Abbas rejects U.S. request to not push for UN court opinion on Israeli occupation
Palestinian President Mahmoud Abbas rejected a U.S. request to reconsider pushing for a UN resolution that asks the International Court of Justice to issue a legal opinion on whether the Israeli occupation of the West Bank constitutes a de facto annexation, U.S. and Israeli officials told Axios.
Why it matters: The move at the UN won’t have any immediate practical ramifications, but as a new hardline, right-wing Israeli government prepares to take office, it is likely to escalate tensions between Israel and the Palestinian Authority.
The big picture: The ICJ deals with international disputes between countries or gives legal opinions on issues referred to it by the UN Security Council or General Assembly.
- The process of getting an ICJ legal opinion usually takes at least a year. The ICJ in 2004 issued a legal opinion that concluded Israel's separation wall and settlements in the occupied West Bank were illegal.
- Israeli officials told Axios they believe the ICJ, if asked, will endorse the Palestinian position that the occupation constitutes an annexation — an opinion that would give backwind to initiatives by governments, private sector companies, and civil society groups to boycott, divest and sanction Israel.
Behind the scenes: Last week, the Israeli government started a full-court press in an attempt to stop the Palestinians from moving ahead with the resolution.
- Israeli officials said outgoing Prime Minister Yair Lapid spoke to U.S. Secretary of State Tony Blinken last Thursday and asked that the Biden administration press the Palestinians to not go through with the resolution.
- A day later, Blinken called Abbas and urged him to reconsider, claiming such a move would only increase tensions, Israeli and U.S. officials said.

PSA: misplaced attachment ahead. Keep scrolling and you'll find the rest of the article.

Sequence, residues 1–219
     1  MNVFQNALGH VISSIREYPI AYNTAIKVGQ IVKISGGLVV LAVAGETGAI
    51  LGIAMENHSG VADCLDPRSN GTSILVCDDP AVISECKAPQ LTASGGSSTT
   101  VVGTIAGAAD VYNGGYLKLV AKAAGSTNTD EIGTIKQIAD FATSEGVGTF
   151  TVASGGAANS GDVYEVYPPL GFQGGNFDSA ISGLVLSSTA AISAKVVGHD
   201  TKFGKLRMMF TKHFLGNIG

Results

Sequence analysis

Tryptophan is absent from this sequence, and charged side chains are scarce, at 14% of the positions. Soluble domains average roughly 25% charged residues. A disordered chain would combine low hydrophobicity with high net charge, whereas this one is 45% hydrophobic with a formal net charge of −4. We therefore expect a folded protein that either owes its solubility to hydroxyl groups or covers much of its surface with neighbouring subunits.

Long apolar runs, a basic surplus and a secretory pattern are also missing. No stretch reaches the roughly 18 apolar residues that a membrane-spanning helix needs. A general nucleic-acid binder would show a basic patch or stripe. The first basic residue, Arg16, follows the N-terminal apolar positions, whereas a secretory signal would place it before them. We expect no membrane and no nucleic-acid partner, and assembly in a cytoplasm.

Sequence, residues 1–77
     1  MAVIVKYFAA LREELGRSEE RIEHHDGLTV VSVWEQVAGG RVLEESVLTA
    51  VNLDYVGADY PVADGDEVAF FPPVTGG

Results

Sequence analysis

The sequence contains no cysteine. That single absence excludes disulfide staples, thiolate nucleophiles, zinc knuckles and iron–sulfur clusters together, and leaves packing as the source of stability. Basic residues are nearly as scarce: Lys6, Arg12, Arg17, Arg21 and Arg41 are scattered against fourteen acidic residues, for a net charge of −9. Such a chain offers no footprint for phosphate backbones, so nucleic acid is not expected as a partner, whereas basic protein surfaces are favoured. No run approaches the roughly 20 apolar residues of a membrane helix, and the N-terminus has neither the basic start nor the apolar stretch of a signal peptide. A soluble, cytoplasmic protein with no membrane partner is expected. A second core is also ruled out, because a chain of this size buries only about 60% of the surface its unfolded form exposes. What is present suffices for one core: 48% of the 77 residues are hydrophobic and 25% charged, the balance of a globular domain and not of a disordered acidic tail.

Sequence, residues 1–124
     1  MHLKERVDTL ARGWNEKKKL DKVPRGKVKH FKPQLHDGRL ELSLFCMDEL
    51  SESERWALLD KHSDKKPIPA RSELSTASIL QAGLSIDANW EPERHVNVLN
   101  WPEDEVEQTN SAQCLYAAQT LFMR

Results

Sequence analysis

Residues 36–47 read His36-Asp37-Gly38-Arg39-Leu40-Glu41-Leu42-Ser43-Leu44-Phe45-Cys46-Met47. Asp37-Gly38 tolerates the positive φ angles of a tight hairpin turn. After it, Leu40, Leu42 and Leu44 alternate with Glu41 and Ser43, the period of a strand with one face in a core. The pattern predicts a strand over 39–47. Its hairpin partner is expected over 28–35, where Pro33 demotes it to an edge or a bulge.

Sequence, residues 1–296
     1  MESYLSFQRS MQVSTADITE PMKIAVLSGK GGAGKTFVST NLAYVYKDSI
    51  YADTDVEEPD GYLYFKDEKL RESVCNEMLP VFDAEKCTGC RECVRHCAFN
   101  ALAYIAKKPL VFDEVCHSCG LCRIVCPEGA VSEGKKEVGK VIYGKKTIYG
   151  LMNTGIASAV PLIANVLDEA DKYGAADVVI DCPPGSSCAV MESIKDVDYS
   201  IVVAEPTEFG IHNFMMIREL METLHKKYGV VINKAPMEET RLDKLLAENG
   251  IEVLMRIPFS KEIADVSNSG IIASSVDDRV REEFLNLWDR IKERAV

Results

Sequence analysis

- Abbas refused, and several hours later, the Palestinians moved forward and circulated the draft resolution to the UN General Assembly members in New York. The text was formally submitted by Nicaragua because the Palestinians only have observer status at the UN.
What they're saying: "We will continue to defend Israel against unfair, one-sided actions across the UN-system. Rather than unfairly singling out Israel, UN member states should play a constructive role in advancing a negotiated peace between Israelis and Palestinians," a State Department spokesperson said.
- "We believe it is critical for Israel and the Palestinian Authority to refrain from unilateral steps that exacerbate tensions and undercut efforts to advance a negotiated two-state solution," the spokesperson added.
What’s next: A UN committee is scheduled to begin debate on the resolution on Thursday, according to Israeli officials.
- On Friday, the committee is expected to vote on bringing the resolution before the General Assembly. If it's approved by the committee, which is expected, a General Assembly vote will likely take place in mid-December.